Subject: AFR: Who controls Indonesia's Timor policy?
Date: Sat, 24 Apr 1999 10:44:00 -0400
From: "John M. Miller" <fbp@igc.apc.org>

Received from Joyo:

Australian Financial Review Saturday, April 24, 1999

Who controls Indonesia's Timor policy?

Fate rests on election

By Tim Dodd

When the Prime Minister, Mr John Howard, meets Indonesia's President Dr B.J. Habibie next week one big question will hang over the meeting. Is he talking to the person who really controls Indonesia"s Timor policy?

The Timor issue has highlighted how Dr Habibie has a propensity for dramatic decisions but a limited record of being able to follow through.

The President has been able to reverse decades of Indonesian intransigence on East Timor by tapping support from a growing band of influential moderate Muslims who believe the cost of holding on to the province is too great.

Not only is it estimated to drain up to $140 million a year from the very stretched government budget. But also the Indonesian presence in East Timor is straining its relations with foreign countries. It is under continual attack for permitting human rights abuses.

Leading this view is the President"s powerful foreign affairs adviser, Dr Dewi Fortuna Anwar, who has overshadowed Indonesia"s long-serving Foreign Minister, Mr Ali Alatas, in her influence on foreign policy.

She was the key influence behind President Habibie"s sudden decision in January to make independence an option. The "we are better off without it" view is backed by a rising group of Muslim modernists, who take a pragmatic view of East Timor. In Cabinet they are typified by Mr Adi Sasono, the Co-operatives Minister. Outside of the Government, the Muslim opposition figure and presidential candidate Mr Amien Rais, falls into this camp.

Mr Alatas is the key opponent in Cabinet to the Habibie policy of letting East Timor go. He is in the uncomfortable position of also being Indonesia"s negotiator at the New York peace talks. His nationalist stance is rooted in the Soeharto era, where the view prevailed that if East Timor goes then other restive provinces will follow.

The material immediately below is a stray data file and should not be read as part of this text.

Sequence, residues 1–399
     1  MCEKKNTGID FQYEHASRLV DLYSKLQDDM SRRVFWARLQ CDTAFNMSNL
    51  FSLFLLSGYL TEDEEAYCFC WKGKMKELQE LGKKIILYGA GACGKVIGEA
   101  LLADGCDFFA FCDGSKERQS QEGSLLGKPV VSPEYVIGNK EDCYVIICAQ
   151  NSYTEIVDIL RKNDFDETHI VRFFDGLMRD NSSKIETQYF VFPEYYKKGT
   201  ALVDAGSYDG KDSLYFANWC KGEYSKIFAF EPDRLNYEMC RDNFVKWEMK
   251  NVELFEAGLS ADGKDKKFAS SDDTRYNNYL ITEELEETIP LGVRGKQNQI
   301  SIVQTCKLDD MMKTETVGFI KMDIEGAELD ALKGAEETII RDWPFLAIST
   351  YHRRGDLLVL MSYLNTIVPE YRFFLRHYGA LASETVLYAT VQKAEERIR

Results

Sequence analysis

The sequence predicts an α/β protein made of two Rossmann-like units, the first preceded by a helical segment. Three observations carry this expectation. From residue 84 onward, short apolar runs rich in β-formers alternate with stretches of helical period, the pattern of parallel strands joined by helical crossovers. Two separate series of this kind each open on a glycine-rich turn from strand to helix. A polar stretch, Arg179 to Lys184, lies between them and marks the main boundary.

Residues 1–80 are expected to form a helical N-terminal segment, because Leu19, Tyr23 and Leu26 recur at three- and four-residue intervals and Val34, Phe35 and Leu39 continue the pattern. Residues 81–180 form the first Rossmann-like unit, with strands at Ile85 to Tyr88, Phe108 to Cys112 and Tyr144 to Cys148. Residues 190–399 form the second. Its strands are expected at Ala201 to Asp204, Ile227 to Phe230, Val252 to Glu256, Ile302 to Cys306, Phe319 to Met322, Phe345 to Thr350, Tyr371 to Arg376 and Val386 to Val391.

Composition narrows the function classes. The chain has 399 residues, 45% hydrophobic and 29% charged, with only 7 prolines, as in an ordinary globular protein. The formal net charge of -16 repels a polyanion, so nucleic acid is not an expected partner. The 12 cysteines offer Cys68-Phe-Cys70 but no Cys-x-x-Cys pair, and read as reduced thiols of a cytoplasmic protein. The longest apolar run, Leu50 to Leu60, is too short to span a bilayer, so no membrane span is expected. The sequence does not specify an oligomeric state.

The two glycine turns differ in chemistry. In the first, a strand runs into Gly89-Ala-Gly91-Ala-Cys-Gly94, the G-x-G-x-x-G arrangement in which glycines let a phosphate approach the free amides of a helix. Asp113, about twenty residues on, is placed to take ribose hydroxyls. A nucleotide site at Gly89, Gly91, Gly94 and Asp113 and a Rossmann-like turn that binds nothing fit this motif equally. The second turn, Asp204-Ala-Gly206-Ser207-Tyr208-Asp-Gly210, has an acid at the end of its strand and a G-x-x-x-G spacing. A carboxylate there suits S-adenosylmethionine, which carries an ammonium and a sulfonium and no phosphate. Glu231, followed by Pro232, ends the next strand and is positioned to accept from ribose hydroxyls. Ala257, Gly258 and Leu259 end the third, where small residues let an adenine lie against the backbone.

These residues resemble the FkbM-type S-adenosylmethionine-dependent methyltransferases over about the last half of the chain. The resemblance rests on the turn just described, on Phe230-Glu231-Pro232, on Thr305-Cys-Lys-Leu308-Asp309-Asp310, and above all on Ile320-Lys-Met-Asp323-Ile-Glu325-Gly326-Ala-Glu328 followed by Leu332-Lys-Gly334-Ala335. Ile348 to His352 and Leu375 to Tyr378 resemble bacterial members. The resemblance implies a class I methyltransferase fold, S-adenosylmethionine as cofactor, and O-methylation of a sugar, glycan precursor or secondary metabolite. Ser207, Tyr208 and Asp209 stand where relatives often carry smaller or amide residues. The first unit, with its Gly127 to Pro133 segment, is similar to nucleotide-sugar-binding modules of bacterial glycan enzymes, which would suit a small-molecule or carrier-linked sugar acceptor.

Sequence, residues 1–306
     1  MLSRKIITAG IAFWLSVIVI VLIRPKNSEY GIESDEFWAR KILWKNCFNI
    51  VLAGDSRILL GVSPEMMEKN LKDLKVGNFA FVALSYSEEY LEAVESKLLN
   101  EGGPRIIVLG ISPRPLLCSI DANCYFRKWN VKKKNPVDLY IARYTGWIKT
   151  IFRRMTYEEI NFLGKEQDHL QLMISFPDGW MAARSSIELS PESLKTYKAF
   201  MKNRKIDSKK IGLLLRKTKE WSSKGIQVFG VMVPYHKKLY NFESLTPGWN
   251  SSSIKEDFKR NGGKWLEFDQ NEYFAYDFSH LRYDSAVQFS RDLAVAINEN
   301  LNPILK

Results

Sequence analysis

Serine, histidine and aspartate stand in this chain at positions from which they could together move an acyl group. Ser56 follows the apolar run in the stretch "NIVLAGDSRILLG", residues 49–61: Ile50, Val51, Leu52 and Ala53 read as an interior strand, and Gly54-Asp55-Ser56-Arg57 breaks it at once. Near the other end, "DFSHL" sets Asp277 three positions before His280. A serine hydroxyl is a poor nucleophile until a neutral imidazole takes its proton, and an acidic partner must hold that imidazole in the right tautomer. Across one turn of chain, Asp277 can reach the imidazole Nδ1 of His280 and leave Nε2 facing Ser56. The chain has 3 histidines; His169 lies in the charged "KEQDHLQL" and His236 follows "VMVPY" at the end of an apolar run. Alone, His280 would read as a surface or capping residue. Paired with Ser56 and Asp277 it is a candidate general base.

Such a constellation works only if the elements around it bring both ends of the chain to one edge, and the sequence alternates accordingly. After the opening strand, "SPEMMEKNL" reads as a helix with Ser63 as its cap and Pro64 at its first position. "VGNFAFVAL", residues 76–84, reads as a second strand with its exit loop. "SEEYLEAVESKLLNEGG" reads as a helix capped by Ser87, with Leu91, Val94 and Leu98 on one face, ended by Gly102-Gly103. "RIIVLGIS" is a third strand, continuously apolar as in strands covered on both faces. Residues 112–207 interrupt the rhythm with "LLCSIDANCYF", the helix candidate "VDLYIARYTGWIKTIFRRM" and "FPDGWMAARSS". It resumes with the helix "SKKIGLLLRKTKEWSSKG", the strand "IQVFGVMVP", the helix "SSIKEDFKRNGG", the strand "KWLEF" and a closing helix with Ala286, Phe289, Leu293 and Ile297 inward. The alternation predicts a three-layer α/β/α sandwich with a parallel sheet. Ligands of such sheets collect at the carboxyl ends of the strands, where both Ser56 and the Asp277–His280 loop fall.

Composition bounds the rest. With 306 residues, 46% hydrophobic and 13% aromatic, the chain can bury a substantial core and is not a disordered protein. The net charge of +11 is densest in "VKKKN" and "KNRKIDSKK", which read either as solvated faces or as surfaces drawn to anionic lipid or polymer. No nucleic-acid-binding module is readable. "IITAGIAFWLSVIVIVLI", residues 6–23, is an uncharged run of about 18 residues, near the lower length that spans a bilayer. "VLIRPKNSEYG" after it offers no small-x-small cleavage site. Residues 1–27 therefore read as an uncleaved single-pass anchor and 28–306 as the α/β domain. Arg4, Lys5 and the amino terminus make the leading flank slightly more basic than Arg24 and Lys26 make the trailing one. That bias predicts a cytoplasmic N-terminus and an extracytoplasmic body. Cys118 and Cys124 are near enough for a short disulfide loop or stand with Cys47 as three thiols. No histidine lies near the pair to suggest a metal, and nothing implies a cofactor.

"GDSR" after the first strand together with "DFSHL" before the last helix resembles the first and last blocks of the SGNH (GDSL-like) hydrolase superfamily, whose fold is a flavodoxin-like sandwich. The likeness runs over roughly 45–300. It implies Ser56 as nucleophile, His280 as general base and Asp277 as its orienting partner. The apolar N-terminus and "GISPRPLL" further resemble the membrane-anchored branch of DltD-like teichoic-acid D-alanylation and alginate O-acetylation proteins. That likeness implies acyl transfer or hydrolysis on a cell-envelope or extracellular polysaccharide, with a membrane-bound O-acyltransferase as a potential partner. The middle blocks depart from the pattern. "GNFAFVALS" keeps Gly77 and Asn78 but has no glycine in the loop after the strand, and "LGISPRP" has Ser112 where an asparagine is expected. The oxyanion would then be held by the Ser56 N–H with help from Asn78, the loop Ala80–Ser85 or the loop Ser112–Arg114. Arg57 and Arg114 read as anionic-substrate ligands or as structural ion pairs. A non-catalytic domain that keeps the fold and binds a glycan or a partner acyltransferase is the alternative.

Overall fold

Leading presidential candidate Mrs Megawati Soekarnoputri, although she led opposition to Soeharto before his fall, also sees danger for the united archipelago in letting even one province go.

Former army officers who spent most of their careers in East Timor also oppose allowing it to secede, and they carry influence. Their association is led by former armed forces commander and former vice-president Mr Try Sutrisno, who is trying to re-establish himself in the main political game in the June parliamentary elections.

Whatever President Habibie does at high level, the implementation of East Timor policy is in the hands of the army who are effectively the government of the province.

For President Habibie, East Timor policy is probably his only opportunity to make an enduring mark because his remaining days of power are numbered. The current Soeharto-era parliament, over which he has control, will be replaced by a democratically elected parliament in June and the final decision about independence for East Timor will be up to the new body.

If Mrs Megawati Soekarnoputri"s Indonesian Democracy Party in Struggle does well, it is possible it could link up with old-style nationalists in the new parliament and refuse East Timor its independence. President Habibie, who will hold his job until November, may be powerless on the issue.

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